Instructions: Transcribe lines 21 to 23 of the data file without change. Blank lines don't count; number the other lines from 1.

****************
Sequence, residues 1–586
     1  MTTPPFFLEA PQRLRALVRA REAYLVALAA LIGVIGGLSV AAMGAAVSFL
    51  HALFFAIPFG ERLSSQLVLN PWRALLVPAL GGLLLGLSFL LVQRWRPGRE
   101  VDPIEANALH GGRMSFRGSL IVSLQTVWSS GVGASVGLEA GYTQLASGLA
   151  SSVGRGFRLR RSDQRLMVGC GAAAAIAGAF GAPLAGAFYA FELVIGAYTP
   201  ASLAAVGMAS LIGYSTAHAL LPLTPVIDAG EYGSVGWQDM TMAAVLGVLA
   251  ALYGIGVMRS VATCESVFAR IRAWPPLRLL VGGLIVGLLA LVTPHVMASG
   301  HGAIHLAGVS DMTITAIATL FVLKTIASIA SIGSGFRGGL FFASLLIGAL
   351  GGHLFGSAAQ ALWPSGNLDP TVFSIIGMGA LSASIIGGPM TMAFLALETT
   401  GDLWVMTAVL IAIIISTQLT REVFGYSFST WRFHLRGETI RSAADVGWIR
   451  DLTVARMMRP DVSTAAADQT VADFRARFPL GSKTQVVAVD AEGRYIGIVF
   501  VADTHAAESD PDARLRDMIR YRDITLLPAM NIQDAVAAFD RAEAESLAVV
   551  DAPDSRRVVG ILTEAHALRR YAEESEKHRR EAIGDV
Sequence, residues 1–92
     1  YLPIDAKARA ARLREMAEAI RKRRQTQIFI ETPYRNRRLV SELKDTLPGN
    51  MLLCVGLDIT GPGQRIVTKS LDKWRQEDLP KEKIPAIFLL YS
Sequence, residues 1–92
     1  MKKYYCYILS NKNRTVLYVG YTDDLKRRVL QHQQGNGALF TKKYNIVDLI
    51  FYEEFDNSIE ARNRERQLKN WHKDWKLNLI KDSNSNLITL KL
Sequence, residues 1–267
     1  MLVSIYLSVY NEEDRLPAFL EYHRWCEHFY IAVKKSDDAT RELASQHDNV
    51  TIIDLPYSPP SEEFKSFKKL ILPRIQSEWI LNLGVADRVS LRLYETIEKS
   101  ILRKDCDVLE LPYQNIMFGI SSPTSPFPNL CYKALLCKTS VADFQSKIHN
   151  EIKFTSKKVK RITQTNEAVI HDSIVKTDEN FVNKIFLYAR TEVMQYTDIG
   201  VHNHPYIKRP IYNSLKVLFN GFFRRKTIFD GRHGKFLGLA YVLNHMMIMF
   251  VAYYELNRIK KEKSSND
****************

     1  MLVSIYLSVY NEEDRLPAFL EYHRWCEHFY IAVKKSDDAT RELASQHDNV
    51  TIIDLPYSPP SEEFKSFKKL ILPRIQSEWI LNLGVADRVS LRLYETIEKS
   101  ILRKDCDVLE LPYQNIMFGI SSPTSPFPNL CYKALLCKTS VADFQSKIHN